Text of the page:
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Publication Detail
Neuroplasticity and aphasia treatments: new approaches for an old problem.
Abstract
Given the profound impact of language impairment after stroke (aphasia), neuroplasticity research is garnering considerable attention as means for eventually improving aphasia treatments and how they are delivered. Functional and structural neuroimaging studies indicate that aphasia treatments can recruit both residual and new neural mechanisms to improve language function and that neuroimaging modalities may hold promise in predicting treatment outcome. In relatively small clinical trials, both non-invasive brain stimulation and behavioural manipulations targeting activation or suppression of specific cortices can improve aphasia treatment outcomes. Recent language interventions that employ principles consistent with inducing neuroplasticity also are showing improved performance for both trained and novel items and contexts. While knowledge is rapidly accumulating, larger trials emphasising how to select optimal paradigms for individualised aphasia treatment are needed. Finally, a model of how to incorporate the growing knowledge into clinical practice could help to focus future research.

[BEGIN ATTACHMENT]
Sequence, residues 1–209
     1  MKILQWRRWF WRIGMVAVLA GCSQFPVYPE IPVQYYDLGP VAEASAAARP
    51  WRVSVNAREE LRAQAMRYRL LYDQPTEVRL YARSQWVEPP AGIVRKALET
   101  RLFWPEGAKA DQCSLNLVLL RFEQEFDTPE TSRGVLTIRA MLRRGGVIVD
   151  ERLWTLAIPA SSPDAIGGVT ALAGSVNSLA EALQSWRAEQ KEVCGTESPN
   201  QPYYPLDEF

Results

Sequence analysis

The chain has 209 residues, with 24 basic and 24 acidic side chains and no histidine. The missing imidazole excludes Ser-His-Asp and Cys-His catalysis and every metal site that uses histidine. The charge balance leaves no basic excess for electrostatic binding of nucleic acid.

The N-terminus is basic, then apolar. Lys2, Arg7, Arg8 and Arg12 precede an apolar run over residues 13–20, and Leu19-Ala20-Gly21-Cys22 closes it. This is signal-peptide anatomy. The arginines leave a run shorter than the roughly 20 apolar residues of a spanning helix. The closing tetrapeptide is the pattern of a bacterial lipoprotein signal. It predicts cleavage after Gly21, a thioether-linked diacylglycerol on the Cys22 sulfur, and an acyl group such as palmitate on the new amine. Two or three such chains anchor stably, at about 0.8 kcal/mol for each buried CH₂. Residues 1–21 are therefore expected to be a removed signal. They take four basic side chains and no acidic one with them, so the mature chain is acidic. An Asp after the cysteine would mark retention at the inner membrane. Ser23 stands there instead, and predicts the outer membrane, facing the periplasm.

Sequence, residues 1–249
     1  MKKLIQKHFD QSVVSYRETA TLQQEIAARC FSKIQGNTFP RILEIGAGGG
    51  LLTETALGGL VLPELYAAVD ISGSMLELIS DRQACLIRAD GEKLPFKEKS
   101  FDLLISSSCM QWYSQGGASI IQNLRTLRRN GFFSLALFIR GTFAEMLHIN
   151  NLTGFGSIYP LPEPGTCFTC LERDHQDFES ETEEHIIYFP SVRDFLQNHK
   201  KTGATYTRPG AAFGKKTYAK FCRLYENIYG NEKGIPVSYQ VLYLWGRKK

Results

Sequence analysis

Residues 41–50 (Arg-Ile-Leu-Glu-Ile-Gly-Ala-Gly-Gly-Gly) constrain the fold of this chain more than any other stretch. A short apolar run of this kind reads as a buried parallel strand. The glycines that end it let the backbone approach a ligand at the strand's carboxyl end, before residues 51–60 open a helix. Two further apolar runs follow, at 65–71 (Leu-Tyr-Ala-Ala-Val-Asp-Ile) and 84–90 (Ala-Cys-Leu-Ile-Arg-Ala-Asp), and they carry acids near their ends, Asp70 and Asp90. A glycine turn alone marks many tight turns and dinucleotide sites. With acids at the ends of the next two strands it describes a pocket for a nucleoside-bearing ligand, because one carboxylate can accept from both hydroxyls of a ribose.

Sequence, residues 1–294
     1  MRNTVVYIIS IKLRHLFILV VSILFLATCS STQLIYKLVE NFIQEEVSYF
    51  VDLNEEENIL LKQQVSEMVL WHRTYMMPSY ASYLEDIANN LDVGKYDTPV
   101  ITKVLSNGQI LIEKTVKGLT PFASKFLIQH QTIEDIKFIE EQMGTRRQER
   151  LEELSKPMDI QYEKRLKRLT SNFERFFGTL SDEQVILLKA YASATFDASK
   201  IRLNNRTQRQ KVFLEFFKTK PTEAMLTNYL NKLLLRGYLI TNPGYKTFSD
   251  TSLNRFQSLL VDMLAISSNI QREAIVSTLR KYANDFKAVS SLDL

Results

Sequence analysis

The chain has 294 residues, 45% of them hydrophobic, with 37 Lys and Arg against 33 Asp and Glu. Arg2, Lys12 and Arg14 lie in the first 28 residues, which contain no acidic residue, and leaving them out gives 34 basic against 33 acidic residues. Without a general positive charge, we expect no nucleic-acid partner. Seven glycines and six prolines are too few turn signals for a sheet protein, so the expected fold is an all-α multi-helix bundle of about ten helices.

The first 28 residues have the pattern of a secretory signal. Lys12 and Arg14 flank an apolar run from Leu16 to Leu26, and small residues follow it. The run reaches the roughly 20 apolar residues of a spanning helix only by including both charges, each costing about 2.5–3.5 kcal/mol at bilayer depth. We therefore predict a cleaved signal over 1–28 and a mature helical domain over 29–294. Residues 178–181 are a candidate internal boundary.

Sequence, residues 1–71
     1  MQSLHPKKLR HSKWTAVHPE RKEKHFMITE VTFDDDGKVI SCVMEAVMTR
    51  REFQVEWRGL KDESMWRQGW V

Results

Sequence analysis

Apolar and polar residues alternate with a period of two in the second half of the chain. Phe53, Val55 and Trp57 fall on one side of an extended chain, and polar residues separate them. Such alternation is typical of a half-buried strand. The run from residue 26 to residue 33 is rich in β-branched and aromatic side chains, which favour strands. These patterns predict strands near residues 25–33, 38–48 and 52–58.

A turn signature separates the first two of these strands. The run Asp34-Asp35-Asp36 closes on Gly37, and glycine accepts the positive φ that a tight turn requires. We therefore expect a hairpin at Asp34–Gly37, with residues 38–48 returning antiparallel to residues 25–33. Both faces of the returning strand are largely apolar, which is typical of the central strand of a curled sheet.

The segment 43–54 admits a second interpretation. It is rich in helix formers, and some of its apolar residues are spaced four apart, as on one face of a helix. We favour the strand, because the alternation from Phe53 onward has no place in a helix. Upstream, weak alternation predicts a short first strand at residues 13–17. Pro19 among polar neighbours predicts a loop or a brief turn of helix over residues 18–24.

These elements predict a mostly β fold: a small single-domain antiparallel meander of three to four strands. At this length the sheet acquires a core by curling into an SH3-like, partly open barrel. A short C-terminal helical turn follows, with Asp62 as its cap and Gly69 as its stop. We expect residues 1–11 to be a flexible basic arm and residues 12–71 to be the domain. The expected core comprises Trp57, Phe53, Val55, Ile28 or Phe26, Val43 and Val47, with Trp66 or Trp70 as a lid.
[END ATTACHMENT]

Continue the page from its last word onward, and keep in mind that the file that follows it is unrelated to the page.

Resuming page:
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Brain Repair & Rehabilitation
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